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Councillors furious over Belmullet housing-estate refusal


Councillors furious over Belmullet housing estate refusal

Edwin McGreal

Councillors in Belmullet are furious that a 19-house estate close to the town was refused planning permission recently - despite the fact that planning permission for the same development had been granted six years ago.
The developers of the estate at Attycunnane, Belmullet had received planning permission under the terms of the old County Development Plan. However, when the economic downturn, kicked in, they held off on the construction of the estate and reapplied on August 30 of this year, in the expectation that demand will soon be there for houses in such an estate.
However, last Tuesday’s meeting of the Belmullet Electoral Area committee heard that the new application, identical to the 2007 one, was refused because it is contrary to the current County Development Plan 2008-2014.
It was refused on the grounds of being on a ‘strategically important road’ - the main road to Bangor Erris, outside the speed limits in Belmullet - a criteria in the current development plan; on the grounds of the lack of footpaths and public lighting in the area; and on the grounds of distance from the town.
Cllr Rose Conway Walsh said she could not understand how this estate had planning permission 12 months ago but has now been refused. She added it was an even stronger application than in 2007, as the local sewerage scheme would now incorporate this estate and visibility was not a difficulty either and argued there was a need for accommodation in the area.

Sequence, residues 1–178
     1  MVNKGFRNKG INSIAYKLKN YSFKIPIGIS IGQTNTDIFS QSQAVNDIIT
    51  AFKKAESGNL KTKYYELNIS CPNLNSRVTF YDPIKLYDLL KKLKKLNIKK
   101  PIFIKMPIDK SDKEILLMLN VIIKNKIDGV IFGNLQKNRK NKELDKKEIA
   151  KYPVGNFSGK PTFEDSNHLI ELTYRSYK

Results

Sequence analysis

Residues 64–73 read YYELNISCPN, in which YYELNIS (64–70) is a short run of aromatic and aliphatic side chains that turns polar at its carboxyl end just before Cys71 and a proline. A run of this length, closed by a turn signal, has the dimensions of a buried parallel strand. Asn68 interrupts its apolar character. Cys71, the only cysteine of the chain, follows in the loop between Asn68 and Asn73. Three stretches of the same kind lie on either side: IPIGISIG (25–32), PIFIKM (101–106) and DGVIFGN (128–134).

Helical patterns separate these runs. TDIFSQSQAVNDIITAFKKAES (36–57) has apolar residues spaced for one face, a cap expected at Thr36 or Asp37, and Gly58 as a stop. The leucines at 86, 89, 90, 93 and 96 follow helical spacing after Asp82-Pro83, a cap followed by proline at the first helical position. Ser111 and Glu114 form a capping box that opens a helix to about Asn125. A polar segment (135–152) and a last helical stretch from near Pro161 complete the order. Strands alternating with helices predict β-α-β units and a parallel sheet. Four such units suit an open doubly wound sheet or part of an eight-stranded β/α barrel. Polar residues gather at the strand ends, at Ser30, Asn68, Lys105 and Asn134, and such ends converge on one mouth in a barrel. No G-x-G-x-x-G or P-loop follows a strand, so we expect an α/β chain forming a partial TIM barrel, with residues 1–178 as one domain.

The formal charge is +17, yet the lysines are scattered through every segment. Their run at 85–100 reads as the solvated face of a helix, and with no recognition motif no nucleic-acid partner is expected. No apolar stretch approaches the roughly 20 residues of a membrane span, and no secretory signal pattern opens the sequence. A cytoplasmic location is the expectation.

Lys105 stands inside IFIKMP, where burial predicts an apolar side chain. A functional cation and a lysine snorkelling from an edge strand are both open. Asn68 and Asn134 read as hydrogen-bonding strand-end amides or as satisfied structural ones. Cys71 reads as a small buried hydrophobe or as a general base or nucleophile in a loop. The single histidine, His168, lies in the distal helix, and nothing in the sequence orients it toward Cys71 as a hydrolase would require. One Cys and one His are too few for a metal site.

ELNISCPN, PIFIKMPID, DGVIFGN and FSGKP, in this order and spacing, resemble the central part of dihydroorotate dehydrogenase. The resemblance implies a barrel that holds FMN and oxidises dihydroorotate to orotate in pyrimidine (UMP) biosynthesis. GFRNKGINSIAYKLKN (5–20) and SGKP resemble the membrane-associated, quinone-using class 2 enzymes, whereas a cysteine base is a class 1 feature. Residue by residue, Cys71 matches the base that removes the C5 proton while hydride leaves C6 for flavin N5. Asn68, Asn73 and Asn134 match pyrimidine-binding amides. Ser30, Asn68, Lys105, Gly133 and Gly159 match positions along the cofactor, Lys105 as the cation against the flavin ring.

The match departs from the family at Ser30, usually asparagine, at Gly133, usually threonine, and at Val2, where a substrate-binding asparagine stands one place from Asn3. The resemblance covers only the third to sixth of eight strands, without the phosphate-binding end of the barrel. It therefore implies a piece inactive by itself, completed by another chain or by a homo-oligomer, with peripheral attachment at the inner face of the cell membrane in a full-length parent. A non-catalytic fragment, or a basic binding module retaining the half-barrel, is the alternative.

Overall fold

“There has been a lot of investment into this site … This refusal is absolutely wrong and disgraceful,” she said.
Councillors argued that the development would bring much needed construction employment and would provide houses to keep people in the area.
Cllr Gerry Coyle said it is ludicrous to think that if the estate was built to wall level and left as a ‘ghost’ estate, the planning permission would still be valid, and he added that he would hold up the 2014-2020 Development Plan if a development such as this was precluded.
He also argued that an industrial estate is located on the far side of this site, saying the refusal is ‘stupid’.
Cllr Conway Walsh said the best solution was to withdraw the application and make sure the draft development plan allows developments such as this one.
Cllrs Michael Holmes and Micheál McNamara concurred with their colleagues.
Mayo County Council Planner Brendan Munnelly said the current policy in the County Development Plan was for development to be restricted inside the speed limits.
Mayo County Council Director of Services Martin Keating said that while county development plans are subject to national guidelines and policy directions, it was Mayo County Councillors themselves who ratified the current one which restricted developments to inside the town speed limits.
He said there was ample land in Belmullet zoned for housing. Cllr Gerry Coyle said that was of little use if those property owners had no intention of releasing the land for development, while Cllr Rose Conway Walsh said the council was not learning the lessons of the past.
“Zoned land is what caused so much of the economic crisis with land being held back in Dublin, pushing up the property prices. This needs to be properly thought out,” she said.